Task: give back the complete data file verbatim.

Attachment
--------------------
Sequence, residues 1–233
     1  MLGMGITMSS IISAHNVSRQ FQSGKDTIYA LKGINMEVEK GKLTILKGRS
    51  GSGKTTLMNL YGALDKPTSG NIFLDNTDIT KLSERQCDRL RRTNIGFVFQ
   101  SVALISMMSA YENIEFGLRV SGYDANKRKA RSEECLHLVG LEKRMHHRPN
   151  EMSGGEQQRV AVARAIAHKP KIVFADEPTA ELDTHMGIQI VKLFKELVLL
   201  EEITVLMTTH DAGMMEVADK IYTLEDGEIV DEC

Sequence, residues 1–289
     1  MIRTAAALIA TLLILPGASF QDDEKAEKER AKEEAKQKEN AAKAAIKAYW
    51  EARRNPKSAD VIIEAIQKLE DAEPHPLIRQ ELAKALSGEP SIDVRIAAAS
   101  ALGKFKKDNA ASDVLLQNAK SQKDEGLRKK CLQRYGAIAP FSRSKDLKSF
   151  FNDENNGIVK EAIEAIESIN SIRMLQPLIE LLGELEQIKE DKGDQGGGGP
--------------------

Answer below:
Sequence, residues 1–233
     1  MLGMGITMSS IISAHNVSRQ FQSGKDTIYA LKGINMEVEK GKLTILKGRS
    51  GSGKTTLMNL YGALDKPTSG NIFLDNTDIT KLSERQCDRL RRTNIGFVFQ
   101  SVALISMMSA YENIEFGLRV SGYDANKRKA RSEECLHLVG LEKRMHHRPN
   151  EMSGGEQQRV AVARAIAHKP KIVFADEPTA ELDTHMGIQI VKLFKELVLL
   201  EEITVLMTTH DAGMMEVADK IYTLEDGEIV DEC

Sequence, residues 1–289
     1  MIRTAAALIA TLLILPGASF QDDEKAEKER AKEEAKQKEN AAKAAIKAYW
    51  EARRNPKSAD VIIEAIQKLE DAEPHPLIRQ ELAKALSGEP SIDVRIAAAS
   101  ALGKFKKDNA ASDVLLQNAK SQKDEGLRKK CLQRYGAIAP FSRSKDLKSF
   151  FNDENNGIVK EAIEAIESIN SIRMLQPLIE LLGELEQIKE DKGDQGGGGP